We get asked all the time what keyboard parents should buy for their child. It’s not a wonder parents can feel overwhelmed when looking for a keyboard—there are so many out there! There are many brands, models, features, sizes, and terms that probably feel foreign to many parents.
First of all, let’s get this out of the way first—buying a piano is better that buying a keyboard. But, and that’s a big but, it needs to be a quality piano that has all working keys, can stay in tune, and has good tone quality. That doesn’t mean it has to be expensive, but you will need to know what to look for.
With that out of the way, there are still many parents who will choose a keyboard, usually for one or more of the following reasons:
- They don’t want to make the investment in a piano until they know their child will stick with it
- They don’t have room in their house for a piano
- They want the extra capabilities that come with a keyboard—ability to plug in headphones, recording or midi options, etc.
When buying a keyboard, you will want to consider how much money you will want to spend. In Let’s Play Music class at The MAC Meridian, we use mainly the lower end keyboards. Always use a keyboard that has full-sized keys, meaning the keys are the same size as piano keys. When your child does transfer to a piano, this will allow for an easier transition because he/she will not have to relearn hand-spacing, which could be very frustrating. Most keyboards do have full-sized keys, but those that are considered more to be toys than instruments may not. You will also want to have at least 61 keys on your keyboard. If a keyboard has less keys than 61, there is not enough room on the keyboard to play many pieces/songs, and your child will outgrow it very quickly.
We like the Casio brand for the lower end keyboards. You can often find bundles that come with a stand, power cord, and headphones on Amazon. We like this Casio CTK2400
Of course, you don’t have to buy a bundle. You may be thinking, “I have a table to put the keyboard on.” And maybe you do! Keep this in mind—the correct position for a child to sit at the keyboard is at a height that will allow the forearms to be parallel to the floor and the elbow to be at a 90 degree angle. For a young child, this would mean you need a very low table. A keyboard stand is adjustable, and will allow for you to raise the level of the keyboard as your child grows.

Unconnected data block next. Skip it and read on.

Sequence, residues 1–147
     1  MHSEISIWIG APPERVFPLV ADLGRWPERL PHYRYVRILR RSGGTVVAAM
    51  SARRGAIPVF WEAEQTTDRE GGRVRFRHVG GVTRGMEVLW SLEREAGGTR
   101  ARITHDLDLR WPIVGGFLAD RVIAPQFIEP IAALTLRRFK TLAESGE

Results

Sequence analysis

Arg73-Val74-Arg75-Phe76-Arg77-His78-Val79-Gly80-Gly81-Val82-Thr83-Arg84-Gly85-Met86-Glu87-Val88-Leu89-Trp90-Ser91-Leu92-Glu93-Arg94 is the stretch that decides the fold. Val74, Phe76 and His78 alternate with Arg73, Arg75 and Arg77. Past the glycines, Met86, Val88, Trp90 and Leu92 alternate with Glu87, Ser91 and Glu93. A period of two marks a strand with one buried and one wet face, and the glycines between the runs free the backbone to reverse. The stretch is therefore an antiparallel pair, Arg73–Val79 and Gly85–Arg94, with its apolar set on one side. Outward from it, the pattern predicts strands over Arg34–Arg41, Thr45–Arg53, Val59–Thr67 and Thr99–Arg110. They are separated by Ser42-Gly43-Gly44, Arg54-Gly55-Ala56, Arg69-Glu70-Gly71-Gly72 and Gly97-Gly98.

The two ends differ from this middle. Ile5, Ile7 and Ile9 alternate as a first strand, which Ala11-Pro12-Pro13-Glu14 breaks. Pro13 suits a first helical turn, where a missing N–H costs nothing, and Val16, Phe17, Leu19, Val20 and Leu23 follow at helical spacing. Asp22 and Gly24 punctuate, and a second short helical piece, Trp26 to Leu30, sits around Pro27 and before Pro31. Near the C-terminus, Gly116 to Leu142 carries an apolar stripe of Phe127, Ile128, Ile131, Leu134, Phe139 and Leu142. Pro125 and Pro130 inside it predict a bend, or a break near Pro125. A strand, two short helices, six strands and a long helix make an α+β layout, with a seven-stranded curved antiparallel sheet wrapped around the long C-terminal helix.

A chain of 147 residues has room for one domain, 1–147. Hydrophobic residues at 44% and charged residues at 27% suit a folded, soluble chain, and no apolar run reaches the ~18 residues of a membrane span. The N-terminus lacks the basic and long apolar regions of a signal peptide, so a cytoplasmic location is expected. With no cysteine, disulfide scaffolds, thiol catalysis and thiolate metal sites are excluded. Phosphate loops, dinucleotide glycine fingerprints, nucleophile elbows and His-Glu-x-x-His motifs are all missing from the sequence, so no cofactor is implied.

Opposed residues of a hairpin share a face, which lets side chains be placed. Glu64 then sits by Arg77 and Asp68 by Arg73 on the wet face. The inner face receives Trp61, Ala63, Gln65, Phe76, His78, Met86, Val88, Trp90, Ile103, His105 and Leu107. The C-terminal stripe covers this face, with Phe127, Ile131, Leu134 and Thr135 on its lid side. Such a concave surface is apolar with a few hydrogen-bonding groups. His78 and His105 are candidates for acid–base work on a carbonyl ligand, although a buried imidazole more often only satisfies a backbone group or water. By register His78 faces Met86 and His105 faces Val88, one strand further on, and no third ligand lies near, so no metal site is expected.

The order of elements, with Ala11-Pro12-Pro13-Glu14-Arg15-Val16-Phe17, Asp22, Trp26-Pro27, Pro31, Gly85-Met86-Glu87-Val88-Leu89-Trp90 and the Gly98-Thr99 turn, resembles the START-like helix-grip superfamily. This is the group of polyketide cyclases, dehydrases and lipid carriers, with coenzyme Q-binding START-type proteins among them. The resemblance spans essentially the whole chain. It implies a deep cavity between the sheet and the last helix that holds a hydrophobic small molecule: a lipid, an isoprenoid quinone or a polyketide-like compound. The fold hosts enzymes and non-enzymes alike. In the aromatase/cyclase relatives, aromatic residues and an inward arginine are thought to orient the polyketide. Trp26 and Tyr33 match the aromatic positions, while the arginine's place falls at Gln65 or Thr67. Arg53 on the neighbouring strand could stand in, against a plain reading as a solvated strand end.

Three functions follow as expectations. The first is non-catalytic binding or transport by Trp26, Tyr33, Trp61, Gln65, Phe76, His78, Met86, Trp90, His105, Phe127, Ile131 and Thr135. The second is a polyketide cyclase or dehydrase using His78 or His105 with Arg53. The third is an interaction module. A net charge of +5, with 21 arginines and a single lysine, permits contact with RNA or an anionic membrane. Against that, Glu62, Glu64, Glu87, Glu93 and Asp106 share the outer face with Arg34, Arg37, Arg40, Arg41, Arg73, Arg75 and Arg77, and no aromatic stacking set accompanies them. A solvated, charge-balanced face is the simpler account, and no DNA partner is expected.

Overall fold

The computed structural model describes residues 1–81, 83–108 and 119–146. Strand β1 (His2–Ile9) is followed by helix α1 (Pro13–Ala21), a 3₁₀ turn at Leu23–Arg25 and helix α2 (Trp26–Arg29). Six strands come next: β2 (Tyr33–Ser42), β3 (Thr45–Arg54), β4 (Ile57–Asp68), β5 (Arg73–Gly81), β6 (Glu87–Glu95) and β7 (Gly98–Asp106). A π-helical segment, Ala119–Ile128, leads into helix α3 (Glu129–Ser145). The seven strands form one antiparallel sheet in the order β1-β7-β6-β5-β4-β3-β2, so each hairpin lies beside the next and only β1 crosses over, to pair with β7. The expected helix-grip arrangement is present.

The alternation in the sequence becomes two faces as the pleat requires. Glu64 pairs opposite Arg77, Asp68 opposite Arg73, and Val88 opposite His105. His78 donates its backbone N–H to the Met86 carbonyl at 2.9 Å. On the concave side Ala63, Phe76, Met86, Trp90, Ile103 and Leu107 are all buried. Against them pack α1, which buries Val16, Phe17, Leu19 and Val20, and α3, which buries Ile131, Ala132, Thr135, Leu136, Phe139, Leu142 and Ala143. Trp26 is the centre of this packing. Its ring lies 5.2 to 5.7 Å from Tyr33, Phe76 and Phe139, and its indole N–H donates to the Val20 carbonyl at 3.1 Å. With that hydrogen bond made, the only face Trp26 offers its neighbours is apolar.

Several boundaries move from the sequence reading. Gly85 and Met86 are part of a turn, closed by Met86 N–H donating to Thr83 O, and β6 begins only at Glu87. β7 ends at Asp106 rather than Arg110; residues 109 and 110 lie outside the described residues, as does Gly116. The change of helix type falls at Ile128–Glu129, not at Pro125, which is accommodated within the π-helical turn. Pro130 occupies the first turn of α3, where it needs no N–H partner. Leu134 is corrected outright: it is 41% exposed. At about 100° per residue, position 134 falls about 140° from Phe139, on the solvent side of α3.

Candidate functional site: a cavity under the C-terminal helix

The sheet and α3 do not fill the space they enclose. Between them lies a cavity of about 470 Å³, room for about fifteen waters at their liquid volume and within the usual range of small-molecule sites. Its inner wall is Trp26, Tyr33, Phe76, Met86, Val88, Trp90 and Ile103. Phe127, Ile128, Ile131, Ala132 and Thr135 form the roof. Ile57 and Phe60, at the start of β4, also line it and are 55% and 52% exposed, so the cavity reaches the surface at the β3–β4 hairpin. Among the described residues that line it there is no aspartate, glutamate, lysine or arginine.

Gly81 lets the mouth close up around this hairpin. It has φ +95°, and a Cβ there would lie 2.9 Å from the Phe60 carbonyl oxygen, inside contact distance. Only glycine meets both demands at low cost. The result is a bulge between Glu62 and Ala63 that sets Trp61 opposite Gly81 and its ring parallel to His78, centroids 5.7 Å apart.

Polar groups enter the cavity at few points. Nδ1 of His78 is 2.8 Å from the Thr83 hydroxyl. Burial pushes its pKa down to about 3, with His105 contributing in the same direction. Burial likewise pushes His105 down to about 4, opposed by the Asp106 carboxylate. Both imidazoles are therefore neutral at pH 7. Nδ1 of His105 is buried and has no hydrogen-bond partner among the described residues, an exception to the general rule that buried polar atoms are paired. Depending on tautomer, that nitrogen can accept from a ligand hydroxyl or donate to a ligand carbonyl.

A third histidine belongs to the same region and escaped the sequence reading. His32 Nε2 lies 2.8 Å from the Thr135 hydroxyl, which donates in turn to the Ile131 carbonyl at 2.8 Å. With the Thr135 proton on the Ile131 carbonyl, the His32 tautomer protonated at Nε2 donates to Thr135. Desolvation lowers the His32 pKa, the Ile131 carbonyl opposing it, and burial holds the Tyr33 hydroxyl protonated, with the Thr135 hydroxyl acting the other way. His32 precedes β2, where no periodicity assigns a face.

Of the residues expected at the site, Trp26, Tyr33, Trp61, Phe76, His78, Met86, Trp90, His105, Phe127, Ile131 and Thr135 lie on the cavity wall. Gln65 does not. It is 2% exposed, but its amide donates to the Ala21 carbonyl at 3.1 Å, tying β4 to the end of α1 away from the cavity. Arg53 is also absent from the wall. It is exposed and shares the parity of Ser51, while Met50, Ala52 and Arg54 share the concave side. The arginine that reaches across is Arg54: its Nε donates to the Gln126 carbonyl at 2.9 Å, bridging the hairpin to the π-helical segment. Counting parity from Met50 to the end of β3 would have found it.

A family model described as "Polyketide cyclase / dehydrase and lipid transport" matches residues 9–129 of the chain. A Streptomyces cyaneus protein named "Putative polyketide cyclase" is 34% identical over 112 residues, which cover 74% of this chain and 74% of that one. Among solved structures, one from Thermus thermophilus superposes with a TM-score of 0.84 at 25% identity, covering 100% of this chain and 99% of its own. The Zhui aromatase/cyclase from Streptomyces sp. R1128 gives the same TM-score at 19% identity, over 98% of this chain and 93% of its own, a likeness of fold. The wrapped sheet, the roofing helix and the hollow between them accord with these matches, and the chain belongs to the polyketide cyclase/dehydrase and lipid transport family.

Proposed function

The 61-key keyboard will get your child through Let’s Play Music, or about 2 years of piano lessons.
If you are wanting a keyboard that will last longer and be a more quality instrument, you will want to move into the digital piano area, meaning the instrument is designed to closely mimic the feel and sound of a traditional piano. We like the Yamaha P45. This digital piano has 88 full-sized weighted keys. An instrument with weighted keys will require more finger strength from the child. This is a good thing! It will build their muscles! Your child will also be able to learn to control the volume of his playing with the touch of his fingers. The softer a child presses on the keys, the softer the sound. The harder a child presses, the louder the sound. It does have a volume dial, which will also help control volume. This digital piano does not have a lot of the fancy keyboard options, but is an excellent keyboard for a beginner student to have the feel that mimics a piano, and a parent who wants the flexibility of a keyboard. It is a heavy instrument, so make sure you have the double x stand or a furniture stand. A single X-stand will not be sturdy enough to support this digital piano.
For those parents wanting to spend more money and have a digital piano with more options and capabilities, we like the Yamaha DGX660. We did a lot of research on digital pianos in this price range. We liked this one for its GHS weighted action keys, 128-note polyphony, PureCF sampled piano, and USB/recording capabilities. It has many more options that these, but these are the ones that has us sold on this model. This digital piano is LARGE! It is not easily portable and will definitely need a furniture stand to sit on. We have owned this digital keyboard for just over 2 years and are still extremely happy with its sound and performance capabilities.
A quality instrument will do wonders for the excitement your child feels for music lessons! This cannot be stated more firmly or importantly. If you want your child to enjoy lessons, make the investment!
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